The money is widely believed to have come from Saudi Arabia — a donation aimed at cementing a new and potentially controversial security deal with the nuclear armed south Asian country.
Pakistan’s liquid foreign currency reserves unexpectedly swelled to about $9.5 billion dollars in early March. Prime Minister Nawaz Sharif’s government has refused to name the country which provided the funds, saying only that it came from a "friendly Islamic country" to support Pakistan’s weak economy.
Officials at Pakistan’s central bank confirmed that the money came from Saudi Arabia, and the government’s opponents want a full explanation.
Pakistan’s Prime Minister Mohammad Nawaz Sharif attends the opening session of a Nuclear Summit in The Hague
Pakistan’s Prime Minister Mohammad Nawaz Sharif attends the opening session of a Nuclear Summit in The Hague, Netherlands, March 24, 2014. AP
Sharif’s refusal to be more transparent on the terms of the Saudi cash infusion has only fueled skepticism over the motives behind it.
Defense experts note Pakistan’s long security relationship with Saudi Arabia, which in the past has seen Islamabad deploy troops to the kingdom.
"In the 1980s, Pakistani troops served in places like Tabuk (in Saudi Arabia) and the (Pakistani) troops served in Saudi uniforms. That deployment was part of Pakistan’s defense agreement with Saudi Arabia," explains defense analyst Farooq Hameed Khan, a retired Brigadier in the Pakistani army. "There is nothing new about Pakistan having a defense agreement with Saudi Arabia which involves Pakistani troops serving there."
Khan says the current scandal springs from reports which circulated last month suggesting a new agreement between the two countries is focused on Pakistan helping the Saudis bolster the opposition fighting forces in Syria, and — either in tandem or by default — shoring up Sunni Muslim ally Saudi Arabia in its regional standoff with Shiite-majority Iran. The problem is that Iran is Pakistan’s neighbor, and also a nation with which Islamabad has enjoyed relatively cordial relations.
"The danger now is of Pakistan getting caught in a Saudi-Iranian turf war," one opposition lawmaker, who didn’t want to be named, told CBS News.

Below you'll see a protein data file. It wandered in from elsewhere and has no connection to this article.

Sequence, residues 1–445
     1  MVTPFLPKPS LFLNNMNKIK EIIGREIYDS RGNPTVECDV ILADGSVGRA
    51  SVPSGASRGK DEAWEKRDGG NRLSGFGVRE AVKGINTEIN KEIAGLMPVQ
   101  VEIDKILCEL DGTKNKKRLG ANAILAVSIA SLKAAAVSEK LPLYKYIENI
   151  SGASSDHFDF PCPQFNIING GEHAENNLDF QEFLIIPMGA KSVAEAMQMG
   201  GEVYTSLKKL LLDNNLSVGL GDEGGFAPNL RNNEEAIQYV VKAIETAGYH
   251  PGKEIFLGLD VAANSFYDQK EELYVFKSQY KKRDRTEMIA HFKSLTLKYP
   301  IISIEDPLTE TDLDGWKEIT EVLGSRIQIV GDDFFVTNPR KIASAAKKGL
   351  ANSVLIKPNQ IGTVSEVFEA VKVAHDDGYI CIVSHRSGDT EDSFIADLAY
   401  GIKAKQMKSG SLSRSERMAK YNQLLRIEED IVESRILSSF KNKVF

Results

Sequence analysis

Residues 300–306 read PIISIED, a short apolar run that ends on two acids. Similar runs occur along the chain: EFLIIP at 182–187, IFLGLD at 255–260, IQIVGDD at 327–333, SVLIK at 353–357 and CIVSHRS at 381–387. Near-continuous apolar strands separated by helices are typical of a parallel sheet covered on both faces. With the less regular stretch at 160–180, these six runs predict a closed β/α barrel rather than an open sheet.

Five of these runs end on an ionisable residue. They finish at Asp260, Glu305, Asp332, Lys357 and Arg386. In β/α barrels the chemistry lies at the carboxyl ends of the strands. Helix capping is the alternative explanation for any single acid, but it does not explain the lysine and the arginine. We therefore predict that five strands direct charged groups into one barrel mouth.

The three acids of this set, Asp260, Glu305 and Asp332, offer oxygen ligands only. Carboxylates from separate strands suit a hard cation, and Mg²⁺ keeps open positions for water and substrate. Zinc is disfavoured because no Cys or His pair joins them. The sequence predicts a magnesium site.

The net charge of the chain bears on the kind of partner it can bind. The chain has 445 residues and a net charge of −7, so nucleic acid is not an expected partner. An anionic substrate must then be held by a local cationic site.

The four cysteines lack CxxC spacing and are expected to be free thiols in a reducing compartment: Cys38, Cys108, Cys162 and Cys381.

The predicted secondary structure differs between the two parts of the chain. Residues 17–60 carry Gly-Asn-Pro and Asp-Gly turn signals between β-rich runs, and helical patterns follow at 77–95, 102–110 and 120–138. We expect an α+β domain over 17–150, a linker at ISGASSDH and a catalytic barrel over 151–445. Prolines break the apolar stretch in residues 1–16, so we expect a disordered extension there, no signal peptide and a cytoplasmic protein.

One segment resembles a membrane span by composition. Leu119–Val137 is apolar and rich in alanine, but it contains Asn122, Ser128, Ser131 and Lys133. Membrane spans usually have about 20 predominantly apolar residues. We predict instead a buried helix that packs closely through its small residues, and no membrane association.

Khursheed Shah, leader of the opposition Pakistan People’s Party (PPP) in the lower house of parliament, known as the National Assembly, says it is an issue he and his fellow lawmakers "need to discuss," adding that in his party’s view, "Pakistan should not provide weapons or troops (to Saudi Arabia)."
Though Shah gave the Prime Minister the benefit of the doubt, accepting a statement from Sharif insisting the money is not tied to any commitment to send troops to oil-rich Saudi, other PPP members and some diplomats in the region remain unconvinced.
The concerns are driven by more than three decades of uncomfortable relations between Saudi Arabia, where the ruling family and vast majority of residents are Sunni, and Iran, where the ruling clerics and vast majority of residents are of the Shiite sect of Islam.
The two powerful countries have sought to increase their influence in the region, including in Pakistan and Afghanistan, in part by pouring huge sums of money into all levels of society, from government right down to local Islamic organizations of the same sectarian leaning.
And while the money from Saudi "may help boost Pakistan’s finances in the short term," respected Pakistani security and political analyst Hasan Askari Rizvi says it "carries the risk of dividing Pakistan internally."
An estimated 20 to 30 percent of Pakistan’s total population (of about 200 million) is Shiite Muslim. Almost all other Pakistanis belong to the Sunni sect — only one or two percent of the population is non-Muslim.
"This is a very, very delicate situation for Pakistan," said the Western diplomat in Islamabad. "It would be very difficult for the Pakistani government to remain friends with Saudi Arabia and Iran at the same time."